Creating Greater Impact Together: Interview with DINEPA’s Jude Fanfan
Every day SOIL works to empower the communities we serve and close the inequality gap in vulnerable and low-resource populations. We’re focused on helping to build resilient systems for basic service provision through dignified, affordable and accessible sanitation service. Over the course of this year, we’ve focused on improving the efficiency of the service through cost reductions and piloting improvements in our composting waste treatment process. Our goal is to provide a sustainable household sanitation service of the highest quality that meets the needs of the most vulnerable populations.
We believe that one of the best ways to improve our impact is by working alongside local agencies and community leaders to ensure sustainability, inclusivity and accessibility. Over the past few years, SOIL has worked closely with the Haitian Sanitation Authority (DINEPA) on multiple projects, including developing a framework to pilot a results-based financing contract that would subsidize household sanitation.
We recently had the privilege to chat with a member of the DINEPA team, Jude Fanfan, a civil engineer and sanitation advocate, to discuss SOIL’s impact, the sanitation sector in Haiti, and the country’s future. You can read the full interview below:
How did you first hear about SOIL?
OREPA-NORD (DINEPA’s regional office in the North) focuses on the management of faecal sludge and the reuse of water. SOIL, as an organization involved in resolving the sanitation crisis in Northern Haiti, is a partner of OREPA-NORD.
How did you become involved with this work?
I visited SOIL’s treatment site in Mouchinette as part of a consultancy when I started working for OREPA-NORD in 2019. SOIL is the only organization that collects and converts human waste into resources in Northern Haiti.
What do you think of the sanitation situation in northern Haiti?
The sanitation situation is critical and alarming in Northern Haiti for many reasons. People practice open defecation, people build houses without toilets, waste management is poor, the sanitation chain is not respected, and pit latrines are emptied manually.
What is important about SOIL’s work from your perspective?
SOIL’s EkoLakay service provides people with access to an in-home toilet. Most of SOIL’s customers are people who did not have access to a toilet before. SOIL collects the human waste, ensures its safe transport and converts it into compost which can be used for agriculture. I can say that SOIL follows the sanitation chain.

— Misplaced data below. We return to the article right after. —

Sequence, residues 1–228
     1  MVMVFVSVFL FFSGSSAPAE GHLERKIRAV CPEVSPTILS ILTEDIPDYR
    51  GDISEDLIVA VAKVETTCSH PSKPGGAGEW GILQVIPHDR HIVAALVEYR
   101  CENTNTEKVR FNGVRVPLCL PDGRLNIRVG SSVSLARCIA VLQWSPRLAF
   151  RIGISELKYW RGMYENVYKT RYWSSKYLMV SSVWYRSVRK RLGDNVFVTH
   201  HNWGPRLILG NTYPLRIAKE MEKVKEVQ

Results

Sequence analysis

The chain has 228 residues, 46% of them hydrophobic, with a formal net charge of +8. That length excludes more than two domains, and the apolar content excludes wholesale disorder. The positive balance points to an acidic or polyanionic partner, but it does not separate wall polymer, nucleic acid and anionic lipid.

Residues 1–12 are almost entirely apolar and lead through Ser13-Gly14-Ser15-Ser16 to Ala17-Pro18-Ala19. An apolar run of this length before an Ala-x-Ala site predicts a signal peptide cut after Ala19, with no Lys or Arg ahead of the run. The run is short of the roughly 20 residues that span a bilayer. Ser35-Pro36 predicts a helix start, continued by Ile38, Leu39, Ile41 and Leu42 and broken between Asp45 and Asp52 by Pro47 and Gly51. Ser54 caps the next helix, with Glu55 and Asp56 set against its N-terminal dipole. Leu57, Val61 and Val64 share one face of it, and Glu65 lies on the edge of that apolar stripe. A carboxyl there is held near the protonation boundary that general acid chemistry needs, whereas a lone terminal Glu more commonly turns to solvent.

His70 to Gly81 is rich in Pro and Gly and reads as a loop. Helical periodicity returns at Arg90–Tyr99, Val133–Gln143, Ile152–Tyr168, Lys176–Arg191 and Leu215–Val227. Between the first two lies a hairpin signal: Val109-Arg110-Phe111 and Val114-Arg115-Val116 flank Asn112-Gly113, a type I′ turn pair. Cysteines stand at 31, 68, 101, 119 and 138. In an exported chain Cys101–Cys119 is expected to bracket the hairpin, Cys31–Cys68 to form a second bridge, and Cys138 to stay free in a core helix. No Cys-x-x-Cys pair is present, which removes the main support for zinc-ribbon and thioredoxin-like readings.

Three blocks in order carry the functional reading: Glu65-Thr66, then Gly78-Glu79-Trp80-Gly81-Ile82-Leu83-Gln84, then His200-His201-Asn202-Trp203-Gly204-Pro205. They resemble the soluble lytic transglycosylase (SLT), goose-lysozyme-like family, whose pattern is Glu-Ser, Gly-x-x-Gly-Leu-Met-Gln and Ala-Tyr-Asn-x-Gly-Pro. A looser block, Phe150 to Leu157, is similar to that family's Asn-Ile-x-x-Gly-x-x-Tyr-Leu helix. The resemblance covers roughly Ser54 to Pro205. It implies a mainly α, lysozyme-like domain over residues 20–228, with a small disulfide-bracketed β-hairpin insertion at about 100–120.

What do you think about the household toilet technology – is it something that fits within your strategic plan for the city?
OREPA-NORD is working on a campaign called ACAT (Community Approach to full Sanitation), to raise awareness about the use of toilets. OREPA wants the population to understand the importance of having a toilet as a primary need and not an accessory. The service SOIL provides through EkoLakay fits within OREPA’s strategic plan for the city as it allows the households to have their own toilets.
What do you think about converting human waste into resources – is this something that is of strategic importance for you?
SOIL has achieved one of OREPA’s goals by transforming human waste into compost. Transforming and reusing the waste is of great importance to OREPA and we hope that this sanitation chain can be established on the national level. SOIL’s compost can be used to develop the agricultural sector in Northern Haiti and even in other parts of Haiti.
What are your goals for the next three to five years? What priorities will help you achieve them? What barriers are in your way?
My goals in the near future are to end open defecation in Northern Haiti and establish a sanitation chain to manage waste properly. My top priority is to educate people to understand the importance of having a toilet and learn to defecate properly. The barriers that can slow me down are the lack of financial resources and the political issues that arise in the country.
How do you think we could work together to expand access to household sanitation in the coming years?
I think that SOIL and OREPA-NORD can work together to educate the population so they can use a toilet to defecate, which will be beneficial for them and the environment as well.
Where do you hope to see Haiti in the next ten years?
In 10 years, I would like to see Haiti as an emerging country with economic progress and political stability, with strong waste management and waste treatment sites for all types of waste and where open defecation is no longer a problem as each family will have a toilet.
Is there anything you’d like to add that you haven’t already told me?
I would like to thank SOIL for the service it provides in Cap-Haitien and the neighboring areas.
SOIL is honored to work alongside the dedicated sanitation workers and advocates at both the local and national levels. Making sanitation accessible for all requires collaboration, innovation and a commitment from higher resource countries to help reduce the burden of global inequality. SOIL is proud to be making strides towards providing a model for safe and dignified sanitation services in urban Haiti and we will continue to work to fulfill our commitment to the communities we serve; one toilet at a time.
We’d like to send a big thank you to Jude Fanfan for sharing his time and thoughts with our team!
SOIL depends on individual donations from people like you to fund our lifesaving, earth-restoring sanitation services in Haiti. Please consider supporting SOIL today.
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